Past is Prologue

An evaluation of whether Barack Obama deserves a second term should entail a careful scrutiny of his record and his proposals. However, such an evaluation would be incomplete if it did not take into account the circumstances in which he took office, his promises during his previous campaign, and our own expectations (or fears, depending on our individual perspective) of what he would accomplish.

My own expectations of the 2008 presidential election are recorded in a post on my wife’s blog. Below is an excerpt that pertains to the economy:

1. On the Economy – Most economists and politicians agree that a sustained deregulation of financial institutions is largely responsible for the current economic woes. Addressing these problems has required direct intervention of the government, with new programs and measures being announced on almost a daily basis to stimulate the flow of credit and to restore confidence in the financial markets. These prevailing conditions suggest that under the next administration, ensuring economic growth will require a more influential role for the government, not less. Of course, financial institutions must be subject to appropriate regulation and government spending must be carefully monitored. More importantly, however, it would require the government to take initiatives to resuscitate ailing industries and services as well as to identify and harness (by providing incentives) new technologies and sectors to create jobs and jumpstart the economy. Will all this increase government spending? Of course, it will. But responsible spending now is a necessary investment to achieve economic prosperity in the long run.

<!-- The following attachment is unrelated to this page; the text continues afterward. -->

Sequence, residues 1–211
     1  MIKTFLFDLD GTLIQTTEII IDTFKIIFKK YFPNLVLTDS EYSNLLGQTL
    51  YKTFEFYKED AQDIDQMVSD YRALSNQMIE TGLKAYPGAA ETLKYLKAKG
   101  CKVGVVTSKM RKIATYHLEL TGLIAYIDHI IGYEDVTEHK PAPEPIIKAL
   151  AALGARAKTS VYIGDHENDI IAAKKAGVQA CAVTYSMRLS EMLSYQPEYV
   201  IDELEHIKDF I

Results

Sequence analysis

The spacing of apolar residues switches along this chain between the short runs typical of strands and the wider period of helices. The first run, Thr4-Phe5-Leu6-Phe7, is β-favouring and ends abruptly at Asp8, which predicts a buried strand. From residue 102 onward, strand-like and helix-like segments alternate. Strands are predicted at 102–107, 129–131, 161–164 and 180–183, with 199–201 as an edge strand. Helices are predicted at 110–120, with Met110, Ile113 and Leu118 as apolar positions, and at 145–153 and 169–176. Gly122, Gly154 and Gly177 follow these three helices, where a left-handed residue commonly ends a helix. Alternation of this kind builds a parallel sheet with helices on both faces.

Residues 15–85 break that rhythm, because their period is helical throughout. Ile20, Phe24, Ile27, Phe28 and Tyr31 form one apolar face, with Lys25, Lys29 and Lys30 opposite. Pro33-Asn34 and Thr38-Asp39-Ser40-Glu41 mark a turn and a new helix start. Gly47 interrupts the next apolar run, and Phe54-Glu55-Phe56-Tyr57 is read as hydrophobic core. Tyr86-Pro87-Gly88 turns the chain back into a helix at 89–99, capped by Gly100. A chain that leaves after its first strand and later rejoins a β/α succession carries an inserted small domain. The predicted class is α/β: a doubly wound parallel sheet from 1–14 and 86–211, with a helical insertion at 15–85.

From the perspective of the presidential candidates, Mr. Obama seems more likely than Mr. McCain in providing leadership to achieve these objectives. During the presidential debates, Mr. McCain’s solutions to the economic crisis were limited to his support for lower taxes and an unsubstantiated assurance of a “spending freeze”. However, Mr. McCain’ s tax cuts already exist under the Bush administration and they have not resulted in the desired economic growth. In fact, the economic situation worsened because these tax cuts were coupled to deficit financing by the Bush administration of the wars in Iraq and Afghanistan. Since Mr. McCain has no plans to end the war in Iraq, decreasing government revenue with tax cuts would be quite irresponsible. Moreover, if Mr. McCain advocates a “spending freeze” how will he deliver those 40 new nuclear plants (costing about $400 billion) that he proposed as key to achieving energy independence? How will he improve education standards and promote scientific research that will directly impact economic growth? In contrast to these, by utilizing a tax policy that will increase government revenue without increasing the tax burden on the middle class, by ending the war in Iraq, and in supporting investment in education and scientific research, Mr. Obama’s policies are more likely to provide the economic direction we need.

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